Cecil Bohanon and John Horowitz: Lebanon shows us how to weather a banking crisis

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Fear and trepidation are normal responses to a banking crisis. The impact of the collapse and subsequent government takeover of Silicon Valley and Signature Bank are not fully known. At the time of this writing, there has been no widespread panic in financial markets.

Many nations endure banking crises. Our professional colleagues in Lebanon give us insight.

From 2019 to 2021, Lebanese GDP per capita dropped more than 36%. The banking sector ceased functioning, neither lending nor taking deposits. When banks allow depositors to withdraw U.S. dollar deposits, it is at rates well below the market value. Ordinary people, including police officers, are robbing banks to withdraw their own money! As usual, however, influential people were able to get their money out of the banks before the collapse.

Lebanon recently devalued its official exchange rate by 90%, from 1,507 Lebanese pounds per dollar to 15,000 pounds per dollar. However, colleagues in Lebanon report the black-market exchange rate is currently over 90,000 Lebanese pounds per dollar.

Lebanese inflation was about 85% in 2020 and 155% in 2021, so prices change daily. Much of the country’s population has become impoverished since the currency’s value plummeted. The savings of the middle class were wiped out.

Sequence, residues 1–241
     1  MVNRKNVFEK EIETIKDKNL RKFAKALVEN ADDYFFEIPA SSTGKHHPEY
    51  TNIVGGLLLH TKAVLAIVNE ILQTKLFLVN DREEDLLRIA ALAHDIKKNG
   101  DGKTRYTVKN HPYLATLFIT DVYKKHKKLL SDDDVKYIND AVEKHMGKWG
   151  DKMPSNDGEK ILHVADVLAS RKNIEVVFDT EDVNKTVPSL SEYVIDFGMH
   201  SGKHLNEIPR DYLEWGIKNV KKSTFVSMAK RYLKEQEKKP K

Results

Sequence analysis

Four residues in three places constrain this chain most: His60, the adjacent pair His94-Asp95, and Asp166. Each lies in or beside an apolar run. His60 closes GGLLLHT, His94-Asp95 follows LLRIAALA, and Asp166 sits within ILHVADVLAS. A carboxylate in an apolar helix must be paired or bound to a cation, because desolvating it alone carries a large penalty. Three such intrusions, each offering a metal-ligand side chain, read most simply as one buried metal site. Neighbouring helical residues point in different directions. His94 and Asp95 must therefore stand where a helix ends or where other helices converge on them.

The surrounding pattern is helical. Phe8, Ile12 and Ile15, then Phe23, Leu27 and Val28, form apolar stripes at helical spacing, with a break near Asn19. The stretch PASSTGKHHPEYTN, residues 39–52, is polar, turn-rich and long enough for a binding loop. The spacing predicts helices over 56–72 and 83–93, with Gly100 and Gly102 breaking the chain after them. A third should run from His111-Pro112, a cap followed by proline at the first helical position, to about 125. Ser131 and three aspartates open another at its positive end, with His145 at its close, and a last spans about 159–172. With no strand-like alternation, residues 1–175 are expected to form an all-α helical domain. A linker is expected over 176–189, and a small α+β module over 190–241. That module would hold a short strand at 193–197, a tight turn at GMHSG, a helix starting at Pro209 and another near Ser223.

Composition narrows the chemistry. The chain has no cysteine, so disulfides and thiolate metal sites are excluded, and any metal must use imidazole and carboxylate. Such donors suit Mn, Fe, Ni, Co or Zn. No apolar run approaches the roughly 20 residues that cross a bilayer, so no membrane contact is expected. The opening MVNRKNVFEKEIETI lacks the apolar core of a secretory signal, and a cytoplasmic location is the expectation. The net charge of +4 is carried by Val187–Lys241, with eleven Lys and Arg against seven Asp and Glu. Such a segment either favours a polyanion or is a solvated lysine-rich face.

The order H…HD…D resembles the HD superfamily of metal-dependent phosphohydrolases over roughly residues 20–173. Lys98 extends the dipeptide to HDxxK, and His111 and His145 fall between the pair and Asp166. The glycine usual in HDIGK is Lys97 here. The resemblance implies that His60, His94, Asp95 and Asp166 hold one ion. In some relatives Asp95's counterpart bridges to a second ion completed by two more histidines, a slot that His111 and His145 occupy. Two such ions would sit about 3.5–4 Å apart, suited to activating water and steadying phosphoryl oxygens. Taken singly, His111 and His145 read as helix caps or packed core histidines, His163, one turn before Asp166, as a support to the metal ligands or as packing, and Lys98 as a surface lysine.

Two causes of the crisis include oversized government debt caused by years of government deficits and cronyism between the banking sector and the government. Foreign lenders are unwilling to bail the country out without reforms. The crisis is especially intractable because of the political paralysis between different factions. Reforms that could restore the trust of investors are not adopted.

Even with these hardships, the Lebanese people are resilient. Emigrants send money to their families. Our colleagues tell us people are returning to hotels and restaurants, and life goes on. The Lebanese people have an admirable knack for figuring out how to make do and improvise.

The United States, like Lebanon, has years of government deficits, political polarization and a ballooning government debt.

There are also major differences. Our economy is much larger, and we enjoy the exorbitant privilege of the U.S. dollar being the world’s reserve currency. Our debt is in our own dollars rather than a foreign currency. So, as our most recent banking crisis continues to unfold, even in its worst-case scenario, we Americans are unlikely to bear the burden Lebanese citizens have borne. Whatever happens, maybe we can tap some of their grit and courage.•

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Bohanon and Horowitz are professors of economics at Ball State University. Send comments to ibjedit@ibj.com.

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